Do you have aluminum wiring in your home?
If your home was built during the 1960’s and 1970’s chances are that your home has aluminum wiring. Although copper has always been preferred over aluminum wiring, during the 1960’s and 1970’s the price for copper skyrocket driving the market to look for new alternatives. This led aluminum wiring to make an appearance. However, this new type of wiring was short lived as fears of fires cause by the overheating of the connections drove homeowners to opt for copper instead.
If you are unsure about when your home was built you can check for aluminum wiring by carefully and safely taking a look at any exposed wires, such as those found in your basement, or by taking a look at your electrical panel. If the wiring was manufactured during the 1960’s and 1970’s the outer covering of the cables will be marked with ALUMINUM, or some sort of abbreviation such as ALUM or AL.
Why should I be concerned about Aluminum Wiring?
- Aluminum can be damaged easily: Aluminum wiring has a higher chance for potential fire hazard due to the fact that aluminum is a softer metal than copper and is much more prone to damage during installation.
- Aluminum expands when heated: When the aluminum wire expands and contracts it can lead the wires to move from its place, causing the screws that keep it in place to fall off and thus leading to overheating and potential fire.
- Aluminum oxide increases electrical resistance: An important difference between aluminum and copper is the impact of oxidation on their electric conductivity. When copper is exposed to oxidization the layer that forms on copper, called copper oxide, still conducts electricity easily, meanwhile aluminum oxide is less conductive and over time oxidation can damage the wiring connections and increased the chances for a fire hazard.
- You will have a difficult time finding house insurance: If you are thinking of selling your home you must be advised that according to the Electrical Safety Authority insurers are denying or not renewing insurance coverage to homes built between 1960 and late 1970, unless these homes are inspected by a licensed electrician and have their wiring replaced or repaired. Once the necessary work has been done and inspected by an ESA inspector, a copy of the certificate of inspection will be issued to the insurer and you may obtain house insurance.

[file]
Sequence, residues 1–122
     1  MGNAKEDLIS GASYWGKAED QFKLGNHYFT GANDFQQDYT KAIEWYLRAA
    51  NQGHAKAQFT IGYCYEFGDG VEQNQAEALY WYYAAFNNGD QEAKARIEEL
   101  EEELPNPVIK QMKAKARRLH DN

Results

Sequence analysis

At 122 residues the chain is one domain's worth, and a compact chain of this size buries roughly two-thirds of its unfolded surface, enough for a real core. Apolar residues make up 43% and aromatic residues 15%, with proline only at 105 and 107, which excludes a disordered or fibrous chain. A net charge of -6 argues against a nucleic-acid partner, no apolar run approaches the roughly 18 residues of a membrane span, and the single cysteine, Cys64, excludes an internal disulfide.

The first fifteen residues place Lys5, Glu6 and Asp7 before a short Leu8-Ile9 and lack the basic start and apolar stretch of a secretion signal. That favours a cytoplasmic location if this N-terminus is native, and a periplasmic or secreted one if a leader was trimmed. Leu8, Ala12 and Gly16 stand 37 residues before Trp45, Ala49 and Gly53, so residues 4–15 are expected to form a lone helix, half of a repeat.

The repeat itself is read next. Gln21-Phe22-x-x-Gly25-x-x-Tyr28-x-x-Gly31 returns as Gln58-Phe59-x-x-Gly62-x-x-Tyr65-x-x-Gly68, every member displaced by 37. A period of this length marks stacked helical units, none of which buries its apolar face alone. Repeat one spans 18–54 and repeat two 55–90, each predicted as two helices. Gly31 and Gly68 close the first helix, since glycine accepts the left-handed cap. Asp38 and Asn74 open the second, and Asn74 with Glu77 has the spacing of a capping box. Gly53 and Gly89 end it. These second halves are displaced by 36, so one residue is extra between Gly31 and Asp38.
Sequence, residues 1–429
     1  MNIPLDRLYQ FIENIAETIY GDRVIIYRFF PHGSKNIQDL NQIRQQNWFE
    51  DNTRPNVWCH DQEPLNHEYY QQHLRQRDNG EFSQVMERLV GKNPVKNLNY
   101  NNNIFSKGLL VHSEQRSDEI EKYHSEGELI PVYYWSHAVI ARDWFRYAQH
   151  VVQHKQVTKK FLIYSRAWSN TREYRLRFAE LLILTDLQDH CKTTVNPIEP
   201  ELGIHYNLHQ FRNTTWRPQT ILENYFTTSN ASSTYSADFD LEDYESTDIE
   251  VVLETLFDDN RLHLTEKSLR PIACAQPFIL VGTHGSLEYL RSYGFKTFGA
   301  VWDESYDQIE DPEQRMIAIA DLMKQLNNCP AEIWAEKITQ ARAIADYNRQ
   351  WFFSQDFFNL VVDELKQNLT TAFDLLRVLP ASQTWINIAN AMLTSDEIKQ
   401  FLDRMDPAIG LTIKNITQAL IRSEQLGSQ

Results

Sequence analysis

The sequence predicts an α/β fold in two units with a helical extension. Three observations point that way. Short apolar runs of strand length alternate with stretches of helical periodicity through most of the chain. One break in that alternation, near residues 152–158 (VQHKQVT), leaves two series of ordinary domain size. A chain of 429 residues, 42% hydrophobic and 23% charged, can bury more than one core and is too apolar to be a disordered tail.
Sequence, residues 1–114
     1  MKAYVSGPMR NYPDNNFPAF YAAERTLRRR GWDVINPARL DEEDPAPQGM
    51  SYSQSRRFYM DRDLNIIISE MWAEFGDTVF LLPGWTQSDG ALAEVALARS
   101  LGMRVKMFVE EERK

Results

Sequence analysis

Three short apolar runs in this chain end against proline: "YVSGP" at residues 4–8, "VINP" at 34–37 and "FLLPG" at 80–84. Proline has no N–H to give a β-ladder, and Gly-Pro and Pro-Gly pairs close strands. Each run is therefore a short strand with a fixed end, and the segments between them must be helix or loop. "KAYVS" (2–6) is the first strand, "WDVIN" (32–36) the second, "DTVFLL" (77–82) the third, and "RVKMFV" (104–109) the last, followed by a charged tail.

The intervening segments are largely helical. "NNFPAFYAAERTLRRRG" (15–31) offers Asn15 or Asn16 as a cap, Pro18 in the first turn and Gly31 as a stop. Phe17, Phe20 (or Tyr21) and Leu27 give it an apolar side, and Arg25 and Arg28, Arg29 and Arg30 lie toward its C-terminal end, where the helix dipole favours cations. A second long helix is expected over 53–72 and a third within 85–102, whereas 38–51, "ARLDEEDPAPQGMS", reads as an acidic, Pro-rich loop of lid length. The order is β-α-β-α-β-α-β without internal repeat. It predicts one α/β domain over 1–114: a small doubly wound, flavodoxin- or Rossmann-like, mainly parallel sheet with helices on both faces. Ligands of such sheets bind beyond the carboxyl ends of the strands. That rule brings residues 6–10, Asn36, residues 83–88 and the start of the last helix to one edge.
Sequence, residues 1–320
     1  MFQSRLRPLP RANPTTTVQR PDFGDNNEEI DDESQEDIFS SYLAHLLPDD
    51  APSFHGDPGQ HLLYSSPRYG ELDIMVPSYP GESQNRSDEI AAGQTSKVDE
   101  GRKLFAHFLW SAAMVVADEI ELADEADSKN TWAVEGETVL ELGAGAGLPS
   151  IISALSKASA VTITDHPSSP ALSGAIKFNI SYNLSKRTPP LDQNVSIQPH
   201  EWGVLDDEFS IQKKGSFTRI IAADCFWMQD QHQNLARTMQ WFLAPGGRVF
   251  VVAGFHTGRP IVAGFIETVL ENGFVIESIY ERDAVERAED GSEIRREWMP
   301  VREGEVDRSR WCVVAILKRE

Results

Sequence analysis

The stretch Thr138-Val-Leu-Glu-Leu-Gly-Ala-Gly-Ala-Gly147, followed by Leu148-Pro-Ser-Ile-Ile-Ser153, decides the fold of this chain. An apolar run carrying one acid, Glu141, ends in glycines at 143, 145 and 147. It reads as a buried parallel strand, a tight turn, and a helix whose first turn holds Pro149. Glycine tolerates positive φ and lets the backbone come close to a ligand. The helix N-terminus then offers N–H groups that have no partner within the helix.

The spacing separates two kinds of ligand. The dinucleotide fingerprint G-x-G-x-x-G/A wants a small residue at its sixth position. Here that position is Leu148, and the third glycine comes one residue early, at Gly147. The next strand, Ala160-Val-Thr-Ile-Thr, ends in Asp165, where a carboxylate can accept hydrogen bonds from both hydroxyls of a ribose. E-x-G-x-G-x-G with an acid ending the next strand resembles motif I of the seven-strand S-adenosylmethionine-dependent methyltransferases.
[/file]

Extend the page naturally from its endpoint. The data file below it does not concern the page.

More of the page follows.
What are some of the warning signs that your aluminum wiring needs inspection?
- Cover plates that feel warm to the touch
- Deformed and misshaped outlet covers
- Receptacles and switches that smell like smoke
- Sparks coming from receptacles or switches
- Lights flickering
If you experience any of the above signs in your home needs to be inspected for aluminum wiring issues. We recommend that you do not try to examine or touch any wires but instead contact MADE Electric and one of our licenced electricians will be happy to inspect your home.
So, is aluminum wiring safe?
The short answer is yes, but only if the installations have the proper and necessary safety measures to avoid any fire hazards. Most of the reported fire problems have been due to the overheating and failure of the aluminum wiring terminations. In Ontario, the Ontario Electrical Safety Code permits the installation of aluminum wiring, as long as the connections and terminations of the wires are made without damaging the wire and using devices approved for use with aluminum.
If your home has aluminum wiring our licensed electricians may suggest that you:
1.Replace your receptacles, devices and switches with CO/ARL receptacles, switches, and devices.
2.Rewire the connections and terminations with copper wire. This means stripping the aluminum wire and twisting (Pigtailing) it together with the copper.
3. Using Copalum crimps connectors. This means adding a copper tail to the aluminum connection, while using a crimp connector. Once finished an insulating sleeve goes around it to seal the connection. This is a permanent connection and solution to any aluminum wiring issues.
If you believe your home has aluminum wiring please do not try to inspect it yourself, as you may encounter potential electrical hazards. Instead have your home inspected by one of our MADE Electric licensed electricians. Our electrical services are available in Toronto and the Greater Toronto Area 24/7, please contact us at 1-833-MADE-247 or firstname.lastname@example.org.